- Last Updated: 4:10 AM, July 14, 2012
- Posted: 2:14 AM, July 14, 2012
Five years after adding regulations to put the brakes on lawless bicycle delivery guys, the city announced yesterday that it’s finally getting around to enforcing them.
Transportation Commissioner Janette Sadik-Khan said she’s launching a six-month campaign to educate riders and merchants on the rules and dispatching a new squad of six agency inspectors to enforce them.
The inspectors will for the first time target eateries and shops that use delivery bikes, slapping them with fines of $100 to $300 if their riders don’t comply with laws requiring them to carry ID and business cards, wear vests with ID numbers and helmets, and outfit their cycles with lights and bells.
“The laws are simple, and the laws are not new,” Sadik-Khan declared outside a Lenny’s sandwich shop on Columbus Avenue near 83rd Street. “Businesses that depend on bike delivery can’t cut corners on safety.”
Officials said most complaints to 311 about erratic bicycle deliverymen come from the Upper East and West sides. They are going to be the first neighborhoods targeted in the door-to-door education effort.
But Sadik-Khan’s announcement didn’t go far enough for City Council Transportation Chairman James Vacca (D-Bronx). He accused the city Transportation Department of being MIA on bike enforcement — and vowed the council would take steps to fix it.
“We’ve had commercial bicyclists who think this is the Wild, Wild West,” charged Vacca, who attended the press conference and promised to enact legislation to ensure the rules are followed.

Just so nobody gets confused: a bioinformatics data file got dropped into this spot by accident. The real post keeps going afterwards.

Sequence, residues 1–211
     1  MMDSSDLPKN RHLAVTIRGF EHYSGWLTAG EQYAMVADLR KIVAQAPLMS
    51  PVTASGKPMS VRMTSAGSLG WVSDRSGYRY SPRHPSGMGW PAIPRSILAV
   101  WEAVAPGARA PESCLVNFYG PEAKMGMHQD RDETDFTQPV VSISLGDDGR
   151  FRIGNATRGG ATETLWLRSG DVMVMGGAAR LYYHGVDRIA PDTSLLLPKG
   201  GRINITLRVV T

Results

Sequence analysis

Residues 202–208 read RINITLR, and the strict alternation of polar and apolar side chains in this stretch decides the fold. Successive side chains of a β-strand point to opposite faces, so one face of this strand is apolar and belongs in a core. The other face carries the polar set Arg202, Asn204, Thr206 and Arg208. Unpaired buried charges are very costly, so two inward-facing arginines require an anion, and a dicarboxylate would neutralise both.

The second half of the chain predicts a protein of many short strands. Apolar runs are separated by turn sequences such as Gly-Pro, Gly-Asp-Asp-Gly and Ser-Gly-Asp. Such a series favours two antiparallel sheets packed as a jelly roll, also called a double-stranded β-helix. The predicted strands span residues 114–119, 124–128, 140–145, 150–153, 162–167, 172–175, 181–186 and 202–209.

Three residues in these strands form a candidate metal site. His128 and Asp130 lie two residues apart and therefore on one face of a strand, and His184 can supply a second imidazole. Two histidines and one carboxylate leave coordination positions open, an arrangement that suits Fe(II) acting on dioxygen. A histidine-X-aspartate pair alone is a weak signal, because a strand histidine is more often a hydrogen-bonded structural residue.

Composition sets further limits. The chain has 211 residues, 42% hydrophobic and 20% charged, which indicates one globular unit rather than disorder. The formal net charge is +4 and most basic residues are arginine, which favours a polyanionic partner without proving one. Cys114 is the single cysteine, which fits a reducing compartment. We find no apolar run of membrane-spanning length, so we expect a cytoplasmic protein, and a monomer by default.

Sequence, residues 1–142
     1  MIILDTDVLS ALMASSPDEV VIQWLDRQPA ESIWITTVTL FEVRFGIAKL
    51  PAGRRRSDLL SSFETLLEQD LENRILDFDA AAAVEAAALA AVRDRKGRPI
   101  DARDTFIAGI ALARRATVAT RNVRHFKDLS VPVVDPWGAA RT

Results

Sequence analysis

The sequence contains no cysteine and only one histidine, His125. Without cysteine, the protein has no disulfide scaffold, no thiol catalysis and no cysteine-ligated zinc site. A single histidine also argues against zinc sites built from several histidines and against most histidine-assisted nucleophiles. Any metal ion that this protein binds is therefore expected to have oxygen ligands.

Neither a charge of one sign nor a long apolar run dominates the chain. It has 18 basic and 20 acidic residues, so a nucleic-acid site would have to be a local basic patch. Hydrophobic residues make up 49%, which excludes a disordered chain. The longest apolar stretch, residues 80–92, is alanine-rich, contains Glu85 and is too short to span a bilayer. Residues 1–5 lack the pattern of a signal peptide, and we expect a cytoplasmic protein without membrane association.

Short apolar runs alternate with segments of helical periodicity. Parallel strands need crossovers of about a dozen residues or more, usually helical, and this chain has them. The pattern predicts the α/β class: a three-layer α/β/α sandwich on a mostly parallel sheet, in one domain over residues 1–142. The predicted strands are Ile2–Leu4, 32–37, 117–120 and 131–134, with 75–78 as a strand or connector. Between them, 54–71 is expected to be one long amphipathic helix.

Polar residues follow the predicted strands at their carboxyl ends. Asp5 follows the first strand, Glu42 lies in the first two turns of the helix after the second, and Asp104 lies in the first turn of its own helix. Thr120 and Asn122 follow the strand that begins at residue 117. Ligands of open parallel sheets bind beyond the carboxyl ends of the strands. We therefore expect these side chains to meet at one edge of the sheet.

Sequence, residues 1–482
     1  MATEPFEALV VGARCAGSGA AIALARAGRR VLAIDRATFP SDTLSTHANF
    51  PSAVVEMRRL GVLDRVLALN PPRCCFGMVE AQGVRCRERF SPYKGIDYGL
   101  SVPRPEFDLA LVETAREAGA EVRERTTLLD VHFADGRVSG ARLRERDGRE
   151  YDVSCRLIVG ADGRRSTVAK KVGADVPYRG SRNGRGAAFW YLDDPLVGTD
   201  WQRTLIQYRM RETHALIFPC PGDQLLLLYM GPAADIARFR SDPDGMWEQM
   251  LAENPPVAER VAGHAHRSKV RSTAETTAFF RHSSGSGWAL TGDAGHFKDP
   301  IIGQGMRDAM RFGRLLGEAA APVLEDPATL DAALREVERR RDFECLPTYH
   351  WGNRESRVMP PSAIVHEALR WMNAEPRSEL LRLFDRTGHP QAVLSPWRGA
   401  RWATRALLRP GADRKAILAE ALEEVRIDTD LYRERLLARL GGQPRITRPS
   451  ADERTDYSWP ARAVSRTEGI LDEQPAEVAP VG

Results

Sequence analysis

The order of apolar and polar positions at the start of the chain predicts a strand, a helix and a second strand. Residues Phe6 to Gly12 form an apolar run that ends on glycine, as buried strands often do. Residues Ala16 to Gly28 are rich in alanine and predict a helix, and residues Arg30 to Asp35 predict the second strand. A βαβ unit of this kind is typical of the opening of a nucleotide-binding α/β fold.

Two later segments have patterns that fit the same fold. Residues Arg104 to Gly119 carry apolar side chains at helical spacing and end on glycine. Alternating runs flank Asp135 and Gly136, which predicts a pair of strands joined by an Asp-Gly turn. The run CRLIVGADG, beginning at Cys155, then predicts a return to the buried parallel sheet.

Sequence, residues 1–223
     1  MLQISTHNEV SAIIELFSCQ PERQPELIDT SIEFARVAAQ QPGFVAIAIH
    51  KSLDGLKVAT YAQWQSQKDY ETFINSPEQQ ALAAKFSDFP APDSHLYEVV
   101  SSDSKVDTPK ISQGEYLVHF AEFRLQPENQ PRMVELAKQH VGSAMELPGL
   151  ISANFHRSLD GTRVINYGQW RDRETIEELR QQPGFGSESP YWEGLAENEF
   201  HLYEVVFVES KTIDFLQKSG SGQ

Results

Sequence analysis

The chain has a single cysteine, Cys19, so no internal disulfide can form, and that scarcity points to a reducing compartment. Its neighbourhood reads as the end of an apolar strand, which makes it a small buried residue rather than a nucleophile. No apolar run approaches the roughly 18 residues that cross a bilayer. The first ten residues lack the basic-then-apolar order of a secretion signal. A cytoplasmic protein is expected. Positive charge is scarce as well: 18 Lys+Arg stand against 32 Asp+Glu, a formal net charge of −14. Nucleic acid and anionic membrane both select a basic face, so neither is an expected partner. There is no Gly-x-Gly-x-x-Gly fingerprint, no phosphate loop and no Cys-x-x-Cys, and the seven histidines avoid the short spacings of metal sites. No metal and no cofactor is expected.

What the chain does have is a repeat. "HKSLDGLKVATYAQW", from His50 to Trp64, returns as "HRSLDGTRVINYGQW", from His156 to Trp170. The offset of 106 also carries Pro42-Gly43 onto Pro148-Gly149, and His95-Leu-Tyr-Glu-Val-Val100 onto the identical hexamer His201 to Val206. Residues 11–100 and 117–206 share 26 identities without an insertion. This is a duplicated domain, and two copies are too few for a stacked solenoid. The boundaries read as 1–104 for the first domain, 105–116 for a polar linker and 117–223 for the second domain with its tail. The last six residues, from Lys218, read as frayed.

“For too long, we’ve hid our heads in the sand. We’ve allowed this problem not only to exist; we’ve allowed this problem to become more and more prevalent,” Vacca said.
Sadik-Khan took to the podium and sarcastically thanked Vacca for “that strong endorsement of the new DOT program in education, outreach and enforcement.”
Vacca estimated that less than 10 percent of commercial bikers actually obey the rules of the road.
A Post reporter walking down Columbus Avenue spotted dozens of delivery bikes. Not one — except at Lenny’s — had front and back lights as required by law.
And it didn’t take a reporter long to find someone with a delivery-bike horror story.
Walking by a couple of minutes after the press event on Columbus Avenue, Josh Lichy, 27, recalled that his girlfriend was struck by a deliveryman on a bicycle on Third Avenue last year.
“The bicyclist was coming from the opposite direction,” said Lichy, a real-estate broker.
“She looks to see if traffic is coming, doesn’t see anything, keeps walking. Bam! She gets knocked out.”
Getting in gear
The city’s safety rules for bike delivery riders include:
* Unique 3-digit ID cards
* Business ID cards with photo of biker and phone number
* Upper body apparel with business’ name and cyclist’s ID number
* A bell or other audible device (notawhistle)
* White headlight and red taillight
* Working brakes
* Bike and safety rules posted at establishments